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Thrombectomy, direct or with catheter; vena cava, iliac, femoropopliteal vein, by leg incision

CPT4 code

Name of the Procedure:

Thrombectomy, direct or with catheter; vena cava, iliac, femoropopliteal vein, by leg incision.


A thrombectomy is a surgical procedure to remove a blood clot (thrombus) from a blood vessel. This specific thrombectomy targets clots in the vena cava, iliac, or femoropopliteal veins and involves making an incision in the leg.


The procedure is performed to re-establish normal blood flow in veins blocked by clots. It aims to alleviate pain, swelling, and other symptoms of blood clots and to prevent complications such as pulmonary embolism (a potentially life-threatening condition where a clot travels to the lungs).


  • Deep vein thrombosis (DVT) with significant symptoms or risk of complications
  • Clots that are not responding to anticoagulation therapy
  • Significant risk of clot migration to the lungs
  • Severe swelling, pain, and skin changes due to venous clots


  • Fasting for a certain number of hours before the procedure (typically at least 8 hours)
  • Temporary discontinuation of certain medications, especially blood thinners, as advised by the doctor
  • Pre-procedure diagnostic tests, such as an ultrasound or venography, to locate the blood clot

Procedure Description

  1. The patient is given anesthesia or sedation.
  2. The surgeon makes an incision in the leg to access the affected vein.
  3. A catheter, or sometimes direct surgical instruments, is inserted to reach and remove the blood clot.
  4. After the clot is removed, the blood vessel is repaired.
  5. The incision is closed with sutures.


The procedure typically takes 1 to 2 hours.


Performed in a hospital or surgical center, often requiring a short inpatient stay for post-operative monitoring.


  • Vascular surgeon
  • Surgical nurses
  • Anesthesiologist
  • Radiology technician (if imaging guidance is used)

Risks and Complications

  • Infection at the incision site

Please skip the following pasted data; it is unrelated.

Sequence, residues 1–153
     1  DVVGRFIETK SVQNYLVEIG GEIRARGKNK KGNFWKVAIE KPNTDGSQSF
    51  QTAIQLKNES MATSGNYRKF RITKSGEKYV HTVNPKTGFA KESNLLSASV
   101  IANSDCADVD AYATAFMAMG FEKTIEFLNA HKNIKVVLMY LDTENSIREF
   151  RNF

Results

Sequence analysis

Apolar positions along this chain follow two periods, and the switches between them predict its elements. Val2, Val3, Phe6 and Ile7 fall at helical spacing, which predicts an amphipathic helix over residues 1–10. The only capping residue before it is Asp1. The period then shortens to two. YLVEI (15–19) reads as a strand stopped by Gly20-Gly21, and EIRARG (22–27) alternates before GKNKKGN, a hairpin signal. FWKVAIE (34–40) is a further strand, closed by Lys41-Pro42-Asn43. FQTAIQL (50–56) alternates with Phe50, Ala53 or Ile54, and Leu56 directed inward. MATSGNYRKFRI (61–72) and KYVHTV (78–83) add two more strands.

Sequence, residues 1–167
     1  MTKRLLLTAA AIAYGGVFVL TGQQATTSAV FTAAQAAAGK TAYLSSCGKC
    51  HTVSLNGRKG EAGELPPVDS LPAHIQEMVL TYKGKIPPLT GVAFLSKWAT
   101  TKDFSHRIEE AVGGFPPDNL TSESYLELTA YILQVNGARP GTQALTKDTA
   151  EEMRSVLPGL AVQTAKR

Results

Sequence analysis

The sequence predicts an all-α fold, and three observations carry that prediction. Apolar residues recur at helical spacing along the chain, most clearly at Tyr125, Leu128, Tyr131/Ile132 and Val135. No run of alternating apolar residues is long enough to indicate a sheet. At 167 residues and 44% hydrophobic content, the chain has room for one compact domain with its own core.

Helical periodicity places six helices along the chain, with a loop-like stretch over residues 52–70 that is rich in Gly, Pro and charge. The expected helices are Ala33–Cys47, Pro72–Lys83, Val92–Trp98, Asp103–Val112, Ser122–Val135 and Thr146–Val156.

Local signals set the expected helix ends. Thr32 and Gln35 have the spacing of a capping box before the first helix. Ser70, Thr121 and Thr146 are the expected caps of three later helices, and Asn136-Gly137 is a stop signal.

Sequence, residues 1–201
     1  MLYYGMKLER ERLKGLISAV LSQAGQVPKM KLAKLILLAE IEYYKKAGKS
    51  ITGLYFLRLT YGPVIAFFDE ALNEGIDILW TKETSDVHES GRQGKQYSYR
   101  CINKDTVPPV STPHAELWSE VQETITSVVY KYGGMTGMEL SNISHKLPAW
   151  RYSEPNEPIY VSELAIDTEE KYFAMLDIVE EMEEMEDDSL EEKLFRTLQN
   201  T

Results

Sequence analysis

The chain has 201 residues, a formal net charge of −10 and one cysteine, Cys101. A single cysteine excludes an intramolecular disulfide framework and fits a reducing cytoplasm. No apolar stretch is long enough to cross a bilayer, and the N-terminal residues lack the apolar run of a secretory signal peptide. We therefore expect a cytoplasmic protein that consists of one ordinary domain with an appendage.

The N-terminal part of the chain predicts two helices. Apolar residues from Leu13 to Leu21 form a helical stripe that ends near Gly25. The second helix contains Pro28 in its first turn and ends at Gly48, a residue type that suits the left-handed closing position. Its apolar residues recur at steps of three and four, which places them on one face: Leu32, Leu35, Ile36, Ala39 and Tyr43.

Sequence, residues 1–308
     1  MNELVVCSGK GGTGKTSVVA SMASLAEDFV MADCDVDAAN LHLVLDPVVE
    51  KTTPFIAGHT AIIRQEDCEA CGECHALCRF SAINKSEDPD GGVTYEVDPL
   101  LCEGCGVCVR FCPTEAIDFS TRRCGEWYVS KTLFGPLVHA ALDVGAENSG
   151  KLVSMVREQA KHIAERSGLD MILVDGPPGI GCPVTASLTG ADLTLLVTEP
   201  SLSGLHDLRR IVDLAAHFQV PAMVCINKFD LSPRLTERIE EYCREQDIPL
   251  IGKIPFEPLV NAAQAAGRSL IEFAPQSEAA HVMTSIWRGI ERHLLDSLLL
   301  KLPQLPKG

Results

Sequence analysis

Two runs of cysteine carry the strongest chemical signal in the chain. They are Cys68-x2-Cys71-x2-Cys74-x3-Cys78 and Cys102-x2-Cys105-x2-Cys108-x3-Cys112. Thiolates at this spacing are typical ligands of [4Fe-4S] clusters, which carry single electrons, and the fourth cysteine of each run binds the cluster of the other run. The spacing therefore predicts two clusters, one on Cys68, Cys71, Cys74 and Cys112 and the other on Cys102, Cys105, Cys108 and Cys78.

• Bleeding or hematoma
  • Damage to the blood vessel or surrounding tissues
  • Recurrence of blood clots
  • Anesthesia-related risks, such as allergic reactions


  • Restores normal blood flow and alleviates symptoms quickly
  • May prevent serious complications like pulmonary embolism
  • Improved quality of life by reducing pain and swelling


  • Pain management with prescribed medications
  • Instructions on wound care and activity restrictions
  • Compression stockings may be recommended to improve circulation
  • Follow-up appointments to monitor recovery and prevent recurrences
  • Full recovery may take several days to a couple of weeks, depending on individual health factors


  • Anticoagulation therapy to prevent new clots from forming and for gradual clot resolution
  • Thrombolysis, where medication is used to dissolve the clot without surgical intervention
  • Pros: Less invasive alternatives usually have fewer immediate risks.
  • Cons: Less invasive alternatives may not be effective for large or life-threatening clots, and they may take longer to work.

Patient Experience

  • Likely to experience discomfort or pain at the incision site post-procedure
  • Mild to moderate pain managed with medication
  • May feel some swelling and bruising which will subside over time
  • Will need to follow specific instructions for wound care and avoid strenuous activities
  • Regular follow-up is critical to ensure complete recovery and prevent recurrence of clots

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